The endstop screws handle the rotation of the plane of the build surface first and foremost. The rotations must all be correct for the bed to be level. Imagine drawing a "T" across the build platform. You start out at the X tower, then draw a line to the center of the platform, and that's the vertical line of the T. Then you draw a perpendicular line across the top of that one, forming the horizontal line of the T, stretching from one side of the build platform to the other. That line becomes the axis about which the platform is rotated when you turn the X endstop screw. The phenomenon to be aware of is that RAISING the platform near a tower LOWERS it at the opposite edge, and vice versa.

The software tower rotation and printer radius determine how far the carriages move, and that amount increases with distance from the tower. This is because a carriage barely moves at all when the effector is close to the carriage's tower, but it must move progressively faster the further away it gets, or it won't push far enough to hold the effector at the same elevation. The reason a bad printer radius setting (on an otherwise perfectly calibrated machine) will cause lensing is that the carriage is either moving too far or coming up short. On the other hand, if a tower is at the wrong rotation, the printer will think it's starting from a different position than it really is, and then it will either move the carriage too far or not far enough depending on which direction the tower needs to be rotated.

Golden question: How do you tell the difference and what do you do about it?

  • If you find that the carriage lifts or dips close to one tower and does the opposite close to the opposite side of the build platform, it's probably the endstop screw on the tower it's close to. For example, if the carriage always dips near X and raises on the half of the platform opposite X, tightening the X endstop screw by the right amount should correct it.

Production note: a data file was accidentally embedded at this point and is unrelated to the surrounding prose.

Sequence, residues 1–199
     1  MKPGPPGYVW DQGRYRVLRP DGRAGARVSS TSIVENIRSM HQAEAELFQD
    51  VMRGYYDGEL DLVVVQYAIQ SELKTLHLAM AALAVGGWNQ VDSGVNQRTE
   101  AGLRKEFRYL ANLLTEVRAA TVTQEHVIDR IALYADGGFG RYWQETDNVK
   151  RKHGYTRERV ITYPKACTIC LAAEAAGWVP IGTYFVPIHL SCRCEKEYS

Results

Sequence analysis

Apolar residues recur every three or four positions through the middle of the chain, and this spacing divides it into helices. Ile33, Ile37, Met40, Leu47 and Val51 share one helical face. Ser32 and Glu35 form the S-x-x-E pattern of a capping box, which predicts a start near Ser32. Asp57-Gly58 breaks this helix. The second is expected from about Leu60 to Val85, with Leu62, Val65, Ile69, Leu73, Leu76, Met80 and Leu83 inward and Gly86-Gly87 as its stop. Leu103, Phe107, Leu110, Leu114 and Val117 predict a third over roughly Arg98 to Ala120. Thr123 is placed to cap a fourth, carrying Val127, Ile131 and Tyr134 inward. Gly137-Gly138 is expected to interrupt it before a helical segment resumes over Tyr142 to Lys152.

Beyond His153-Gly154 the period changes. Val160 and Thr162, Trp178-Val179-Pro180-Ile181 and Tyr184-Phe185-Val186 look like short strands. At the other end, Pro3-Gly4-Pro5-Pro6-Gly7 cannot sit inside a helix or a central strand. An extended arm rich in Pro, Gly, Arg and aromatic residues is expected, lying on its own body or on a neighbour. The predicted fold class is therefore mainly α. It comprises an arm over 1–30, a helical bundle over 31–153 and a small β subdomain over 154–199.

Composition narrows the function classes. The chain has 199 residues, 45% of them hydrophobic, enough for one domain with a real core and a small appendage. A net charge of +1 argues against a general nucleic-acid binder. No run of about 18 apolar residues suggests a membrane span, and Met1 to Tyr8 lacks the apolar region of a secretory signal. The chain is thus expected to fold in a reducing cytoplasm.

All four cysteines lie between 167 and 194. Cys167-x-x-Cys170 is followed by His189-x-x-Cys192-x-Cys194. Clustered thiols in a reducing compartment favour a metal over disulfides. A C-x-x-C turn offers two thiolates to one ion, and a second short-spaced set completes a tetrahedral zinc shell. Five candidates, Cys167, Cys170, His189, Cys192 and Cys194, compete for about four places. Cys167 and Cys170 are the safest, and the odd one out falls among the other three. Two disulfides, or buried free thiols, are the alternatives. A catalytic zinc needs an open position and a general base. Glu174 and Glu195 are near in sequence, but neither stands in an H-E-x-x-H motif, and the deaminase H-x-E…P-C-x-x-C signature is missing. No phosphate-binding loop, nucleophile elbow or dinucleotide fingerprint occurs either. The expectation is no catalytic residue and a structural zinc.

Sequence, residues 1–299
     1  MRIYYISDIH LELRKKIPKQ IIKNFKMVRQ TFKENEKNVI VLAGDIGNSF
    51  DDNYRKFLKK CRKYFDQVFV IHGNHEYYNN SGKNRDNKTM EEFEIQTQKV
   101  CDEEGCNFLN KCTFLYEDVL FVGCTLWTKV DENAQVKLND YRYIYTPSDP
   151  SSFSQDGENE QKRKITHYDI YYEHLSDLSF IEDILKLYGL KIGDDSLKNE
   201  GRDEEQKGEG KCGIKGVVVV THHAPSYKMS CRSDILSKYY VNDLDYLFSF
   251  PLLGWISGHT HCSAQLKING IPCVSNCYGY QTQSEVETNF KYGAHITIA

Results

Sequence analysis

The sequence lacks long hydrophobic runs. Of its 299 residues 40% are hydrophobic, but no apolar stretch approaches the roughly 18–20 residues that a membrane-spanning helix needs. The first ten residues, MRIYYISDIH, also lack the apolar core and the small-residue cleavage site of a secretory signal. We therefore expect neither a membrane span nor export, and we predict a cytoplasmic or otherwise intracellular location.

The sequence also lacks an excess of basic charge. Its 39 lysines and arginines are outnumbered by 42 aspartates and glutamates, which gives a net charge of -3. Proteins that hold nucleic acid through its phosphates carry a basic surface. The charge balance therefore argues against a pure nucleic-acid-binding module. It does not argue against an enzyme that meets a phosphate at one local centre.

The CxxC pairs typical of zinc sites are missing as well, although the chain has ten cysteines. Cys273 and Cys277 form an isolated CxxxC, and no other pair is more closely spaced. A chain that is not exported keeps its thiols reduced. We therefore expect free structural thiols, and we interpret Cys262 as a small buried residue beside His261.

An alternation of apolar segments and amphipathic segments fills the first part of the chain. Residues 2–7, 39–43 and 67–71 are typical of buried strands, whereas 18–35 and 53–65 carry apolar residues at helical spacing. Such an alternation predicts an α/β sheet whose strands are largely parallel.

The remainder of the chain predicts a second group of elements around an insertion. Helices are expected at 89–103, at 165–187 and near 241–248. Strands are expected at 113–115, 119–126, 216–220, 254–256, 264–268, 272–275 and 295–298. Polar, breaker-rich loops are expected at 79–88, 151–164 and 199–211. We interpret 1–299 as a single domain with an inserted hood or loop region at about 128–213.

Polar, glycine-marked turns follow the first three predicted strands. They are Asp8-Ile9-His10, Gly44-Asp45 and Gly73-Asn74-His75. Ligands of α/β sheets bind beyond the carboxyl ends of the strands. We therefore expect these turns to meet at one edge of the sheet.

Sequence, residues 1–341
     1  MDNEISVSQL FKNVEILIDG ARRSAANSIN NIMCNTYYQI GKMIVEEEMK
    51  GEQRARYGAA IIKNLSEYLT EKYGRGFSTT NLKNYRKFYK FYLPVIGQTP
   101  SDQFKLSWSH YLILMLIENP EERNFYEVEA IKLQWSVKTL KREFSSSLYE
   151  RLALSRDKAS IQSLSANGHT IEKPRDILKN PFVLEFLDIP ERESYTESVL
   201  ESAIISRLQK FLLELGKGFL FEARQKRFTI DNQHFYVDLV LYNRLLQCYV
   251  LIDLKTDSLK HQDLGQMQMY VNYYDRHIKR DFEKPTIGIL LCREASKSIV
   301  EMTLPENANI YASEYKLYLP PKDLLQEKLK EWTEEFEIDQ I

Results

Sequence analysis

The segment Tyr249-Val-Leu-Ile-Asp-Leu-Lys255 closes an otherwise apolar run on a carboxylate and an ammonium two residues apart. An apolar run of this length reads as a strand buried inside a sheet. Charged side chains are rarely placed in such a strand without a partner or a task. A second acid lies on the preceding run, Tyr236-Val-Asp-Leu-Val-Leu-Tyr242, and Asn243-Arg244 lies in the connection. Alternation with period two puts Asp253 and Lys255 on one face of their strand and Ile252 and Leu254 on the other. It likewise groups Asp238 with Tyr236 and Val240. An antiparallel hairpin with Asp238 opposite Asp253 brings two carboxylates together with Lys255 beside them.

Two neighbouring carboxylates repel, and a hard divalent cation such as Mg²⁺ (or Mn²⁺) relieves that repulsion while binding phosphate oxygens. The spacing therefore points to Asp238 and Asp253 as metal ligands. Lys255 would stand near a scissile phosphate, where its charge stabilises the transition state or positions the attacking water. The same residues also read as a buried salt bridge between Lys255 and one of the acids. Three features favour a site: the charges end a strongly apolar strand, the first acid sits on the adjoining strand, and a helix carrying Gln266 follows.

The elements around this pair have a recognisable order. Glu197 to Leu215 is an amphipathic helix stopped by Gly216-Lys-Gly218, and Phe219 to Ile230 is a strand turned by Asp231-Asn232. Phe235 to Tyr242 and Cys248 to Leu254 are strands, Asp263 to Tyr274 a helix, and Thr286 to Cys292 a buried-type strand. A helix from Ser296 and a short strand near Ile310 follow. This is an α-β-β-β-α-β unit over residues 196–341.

• If you find that the carriage lifts or dips close to one tower and does the opposite next to one of its neighbors, it's probably the rotation on the remaining tower. Look for Alpha A, B, and C in the EEPROM. You will see the values 210, 330, and 90. Reducing a number rotates the tower clockwise and increasing it rotates the tower counter-clockwise. You should only need to change the rotation by 1/2 to one degree. This is where you have to think of terms of pushing and pulling. On my printer, it was lifting near the X tower and dipping near Z. Y was OK, so I assumed it was the culprit. Changing Y's rotation from 330 to 331 fixed the problem, because that gave Repetier a better idea of where it was starting from. It then knew to move the Y tower a little faster when going towards X, and a little slower going towards Z.
  • If you're doing the PRINTER_RADIUS calibration according to the manual, and you find that it calibrates fine to one tower but not all of them, you should suspect that something's funny with the tower rotations.

There is also the delta arm length. I never messed with that to fix these problems. The one time I did was to fix a tendency to fail after the piece got to a certain height, and that did work. This is not something you usually need to mess with, and once you have it figured out it can stay the same even if you redo the tower alignment. I have Trick Laser arms, and they are a little different. With SeeMeCNC arms, you'd just use their recommended length and not change it unless you also have problems with your pieces getting knocked around by the nozzle or air-printing, and even then, only if it constantly happens at the same height.
Last edited by 626Pilot on Fri Dec 06, 2013 7:57 pm, edited 1 time in total.